Mayor Michael Bloomberg's congestion pricing plan was ground to a halt in Albany Monday afternoon after not getting enough support in the State Assembly ahead of a midnight deadline to qualify for millions in federal funding.
The state Legislature faced a midnight deadline to approve the plan to charge drivers $8 to enter Manhattan below 60th Street on weekdays, or else lose $354 million in federal funding. The money would have helped kick start the initiative.
Assembly Speaker Sheldon Silver refused to bring the proposal up for vote in his chamber, saying it did not have enough support in the Democrat-controlled house. On the State Senate side, the controversial measure also never made it to the floor as Democrats largely boycotted the session, to avoid being put on the spot.
The decision was made following the third day of closed-door meetings Monday.
In an interview Monday, Silver said he was inclined to support the plan as a representative of Lower Manhattan, but insisted he was in the extreme minority.
"If I may be very clear, this is not about arm twisting," said Silver. "Sheldon Silver is a leader, not an arm twister. I don't reward and punish people and I know that's not the general perception."
Silver also said the mayor missed golden chances to amend the proposal, which Democrats say may have salvaged the plan at the 11th hour. But the mayor shot down the idea of last-minute amendments Sunday.
"You can't go and write policy with two hours left to go where no one has time do do a real analysis. I’m not going to be a part of that kind of legislation and I don't think the Assembly or the governor really wants to be,” he said.
City Hall sources also dispute claims that the mayor was inflexible, noting the proposal has changed many times since it was first introduced.
While congestion pricing did have the support of the Republican-led State Senate and its leader Joseph Bruno, as well as that of Governor David Paterson, it needed to be approved by both houses.
While Bloomberg has yet to weigh in personally, one of his top deputies, ripped into Silver on "Inside City Hall" Monday night.
Deputy Mayor Kevin Sheekey told NY1 anchor Dominic Carter that Albany is telling the city to "drop dead,” a reference to a Daily News headline from 30 years ago when then-President Gerald Ford said he'd veto a federal bailout of cash-strapped New York City.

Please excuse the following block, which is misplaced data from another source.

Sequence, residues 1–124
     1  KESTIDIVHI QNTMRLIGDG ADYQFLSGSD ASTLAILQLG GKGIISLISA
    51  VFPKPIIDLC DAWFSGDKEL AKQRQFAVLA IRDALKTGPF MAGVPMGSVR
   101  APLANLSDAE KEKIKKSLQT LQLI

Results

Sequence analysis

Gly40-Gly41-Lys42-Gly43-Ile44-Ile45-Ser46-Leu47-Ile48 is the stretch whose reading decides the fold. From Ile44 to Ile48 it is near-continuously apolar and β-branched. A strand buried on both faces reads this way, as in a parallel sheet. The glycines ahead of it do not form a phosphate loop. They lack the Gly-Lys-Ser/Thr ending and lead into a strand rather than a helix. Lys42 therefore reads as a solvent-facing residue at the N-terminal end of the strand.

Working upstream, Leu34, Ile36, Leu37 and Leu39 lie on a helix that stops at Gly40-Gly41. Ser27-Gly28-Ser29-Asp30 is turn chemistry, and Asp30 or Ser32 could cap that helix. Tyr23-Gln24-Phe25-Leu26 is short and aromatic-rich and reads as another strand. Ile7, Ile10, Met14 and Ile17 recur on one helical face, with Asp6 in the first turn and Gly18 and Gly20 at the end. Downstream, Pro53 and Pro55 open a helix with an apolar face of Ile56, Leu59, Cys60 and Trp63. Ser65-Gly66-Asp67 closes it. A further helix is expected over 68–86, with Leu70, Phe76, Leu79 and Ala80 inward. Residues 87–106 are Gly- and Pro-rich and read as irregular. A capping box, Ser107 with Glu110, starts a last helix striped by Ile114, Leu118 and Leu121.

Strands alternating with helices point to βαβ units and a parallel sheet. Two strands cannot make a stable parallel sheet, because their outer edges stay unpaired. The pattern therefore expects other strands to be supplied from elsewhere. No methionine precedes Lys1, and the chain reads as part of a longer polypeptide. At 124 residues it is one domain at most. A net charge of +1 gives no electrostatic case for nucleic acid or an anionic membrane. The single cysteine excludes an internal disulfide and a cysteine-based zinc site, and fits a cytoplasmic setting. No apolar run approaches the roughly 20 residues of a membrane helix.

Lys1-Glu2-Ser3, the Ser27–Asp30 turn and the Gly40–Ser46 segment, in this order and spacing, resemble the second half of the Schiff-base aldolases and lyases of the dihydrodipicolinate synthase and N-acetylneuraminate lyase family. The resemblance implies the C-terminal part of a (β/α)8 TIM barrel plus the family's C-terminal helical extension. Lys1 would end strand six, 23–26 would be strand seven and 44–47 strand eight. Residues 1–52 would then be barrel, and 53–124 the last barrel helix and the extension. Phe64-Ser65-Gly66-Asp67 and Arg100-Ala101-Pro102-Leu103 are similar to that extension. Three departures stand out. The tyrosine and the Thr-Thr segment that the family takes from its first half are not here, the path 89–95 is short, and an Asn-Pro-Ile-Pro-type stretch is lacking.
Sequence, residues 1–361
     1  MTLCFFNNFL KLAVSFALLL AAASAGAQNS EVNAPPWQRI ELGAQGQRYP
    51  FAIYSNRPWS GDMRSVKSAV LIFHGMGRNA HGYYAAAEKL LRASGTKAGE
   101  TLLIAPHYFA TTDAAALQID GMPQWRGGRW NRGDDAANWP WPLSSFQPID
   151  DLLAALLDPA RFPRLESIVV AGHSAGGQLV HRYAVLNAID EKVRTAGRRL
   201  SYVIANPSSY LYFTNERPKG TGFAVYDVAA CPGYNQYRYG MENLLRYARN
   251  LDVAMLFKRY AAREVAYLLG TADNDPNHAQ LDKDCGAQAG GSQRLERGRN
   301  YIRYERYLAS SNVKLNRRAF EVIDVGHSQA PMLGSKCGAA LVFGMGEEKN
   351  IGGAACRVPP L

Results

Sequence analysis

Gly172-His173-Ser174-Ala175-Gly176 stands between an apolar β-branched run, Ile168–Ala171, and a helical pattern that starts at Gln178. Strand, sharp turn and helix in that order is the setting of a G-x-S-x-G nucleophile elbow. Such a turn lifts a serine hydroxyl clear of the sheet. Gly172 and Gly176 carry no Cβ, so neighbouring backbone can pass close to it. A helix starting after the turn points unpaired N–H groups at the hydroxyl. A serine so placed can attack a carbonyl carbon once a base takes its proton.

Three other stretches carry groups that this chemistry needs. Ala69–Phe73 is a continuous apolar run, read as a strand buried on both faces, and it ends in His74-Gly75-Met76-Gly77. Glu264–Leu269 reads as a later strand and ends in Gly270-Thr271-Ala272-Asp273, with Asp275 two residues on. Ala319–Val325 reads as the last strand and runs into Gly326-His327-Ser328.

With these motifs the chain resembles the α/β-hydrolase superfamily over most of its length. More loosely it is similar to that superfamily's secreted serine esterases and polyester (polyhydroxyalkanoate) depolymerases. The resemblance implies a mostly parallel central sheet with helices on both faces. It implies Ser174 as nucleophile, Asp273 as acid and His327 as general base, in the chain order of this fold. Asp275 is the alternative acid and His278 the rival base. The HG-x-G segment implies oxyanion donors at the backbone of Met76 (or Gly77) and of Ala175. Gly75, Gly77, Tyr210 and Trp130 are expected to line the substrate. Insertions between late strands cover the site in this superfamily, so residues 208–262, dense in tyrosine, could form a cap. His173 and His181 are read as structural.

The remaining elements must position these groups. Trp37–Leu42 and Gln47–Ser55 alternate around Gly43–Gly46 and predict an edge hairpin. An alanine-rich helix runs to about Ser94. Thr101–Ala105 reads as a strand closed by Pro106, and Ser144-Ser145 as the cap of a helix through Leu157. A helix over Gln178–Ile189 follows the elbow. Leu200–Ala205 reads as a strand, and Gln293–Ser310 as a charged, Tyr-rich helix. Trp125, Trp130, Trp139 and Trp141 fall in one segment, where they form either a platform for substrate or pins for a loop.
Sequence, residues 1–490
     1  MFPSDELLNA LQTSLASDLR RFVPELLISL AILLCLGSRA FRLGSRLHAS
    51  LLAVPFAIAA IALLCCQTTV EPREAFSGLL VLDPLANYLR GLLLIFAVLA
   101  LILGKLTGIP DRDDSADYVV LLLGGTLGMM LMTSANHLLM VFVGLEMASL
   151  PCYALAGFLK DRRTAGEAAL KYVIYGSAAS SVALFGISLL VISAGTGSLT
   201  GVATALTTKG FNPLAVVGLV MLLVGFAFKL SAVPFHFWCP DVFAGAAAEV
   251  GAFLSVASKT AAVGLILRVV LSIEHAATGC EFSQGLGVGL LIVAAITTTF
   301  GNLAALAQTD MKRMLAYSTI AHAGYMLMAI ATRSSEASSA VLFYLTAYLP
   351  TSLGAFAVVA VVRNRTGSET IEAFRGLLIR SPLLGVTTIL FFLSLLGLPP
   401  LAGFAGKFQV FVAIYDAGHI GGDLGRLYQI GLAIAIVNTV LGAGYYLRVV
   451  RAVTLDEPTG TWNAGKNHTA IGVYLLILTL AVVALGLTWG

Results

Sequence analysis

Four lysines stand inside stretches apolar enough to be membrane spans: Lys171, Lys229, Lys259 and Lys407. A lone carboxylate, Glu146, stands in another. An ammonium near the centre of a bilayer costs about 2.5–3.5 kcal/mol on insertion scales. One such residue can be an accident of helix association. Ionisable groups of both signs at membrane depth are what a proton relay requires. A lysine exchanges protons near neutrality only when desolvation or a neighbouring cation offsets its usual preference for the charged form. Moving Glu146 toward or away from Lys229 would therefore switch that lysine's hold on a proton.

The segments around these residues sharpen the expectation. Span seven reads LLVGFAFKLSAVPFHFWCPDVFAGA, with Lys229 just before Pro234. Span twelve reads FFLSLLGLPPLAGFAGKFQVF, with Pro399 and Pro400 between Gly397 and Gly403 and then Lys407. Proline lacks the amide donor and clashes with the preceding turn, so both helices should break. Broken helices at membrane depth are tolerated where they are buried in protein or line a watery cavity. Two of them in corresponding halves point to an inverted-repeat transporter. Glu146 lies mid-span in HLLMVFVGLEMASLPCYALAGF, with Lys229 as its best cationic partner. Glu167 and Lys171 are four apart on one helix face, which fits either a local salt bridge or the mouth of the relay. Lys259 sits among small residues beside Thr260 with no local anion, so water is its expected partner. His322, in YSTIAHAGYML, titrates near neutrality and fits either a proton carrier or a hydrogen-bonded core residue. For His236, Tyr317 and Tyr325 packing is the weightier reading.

Sheekey went on to say the state Assembly lacks leadership.
"I think that's obviously where there is a leadership vacuum. I saw Speaker Silver — listen you get elected to a leadership position to lead. You don't get elected to take polls. And just as you wouldn't want a politician and executive to simply say I'm going to take a poll of the public and whatever the poll tells me that's what I'm going to do· He's leading in a particular way. I think he described his leadership abilities and characteristics quite aptly, he said, ÎIt's not about me. I polled my members and this is what they decided to do.’ That's not leadership."
Sheekey went on to say he does not see any courage being exhibited by Silver when it comes to efforts to end gridlock in the city.
A spokesperson for City Council Speaker Christine Quinn also issued a statement, saying she was disappointed by the news, but determined to move forward with an environmental plan.
"I am disappointed that we missed an opportunity to make a significant investment in our mass transportation system, an investment that would have secured the long-term vitality of our city and improved the health of people living in our most congested neighborhoods. In spite of this setback, the Council remains fully committed to environmental responsibility and to improving and expanding our mass transit system."
Environmentalists echoed the sentiment.
"I think that it’s important for us to recognize those that exercise leadership and show courage on behalf of the communities,” said Elizabeth Yeampierre of New York City Environmental Justice.
But lawmakers who opposed the plan, said they felt their concerns were never fully acknowledged by the mayor.
"I don't think the mayor was ever willing to admit that those of us who disagreed with him were motivated by principle and policy,” said Assemblyman Richard Brodsky.
Still, there are those who say congestion pricing will come up again. U.S. Secretary of Transportation Mary Peters, who has been a proponent of the plan since its inception, said Monday that it's not a matter of "if," but "when" the program will be adopted by a U.S. city.
Lawmakers still have not come to an agreement on the state budget, which is now a week overdue.
Programming Note: Deputy Mayor Kevin Sheekey will be a guest on "Inside City Hall" tonight to give his point of view on why the plan stalled in Albany. Tune into the show at 7 and 10 p.m.
Bloomberg Suffers Another Defeat At Hands Of Sheldon Silver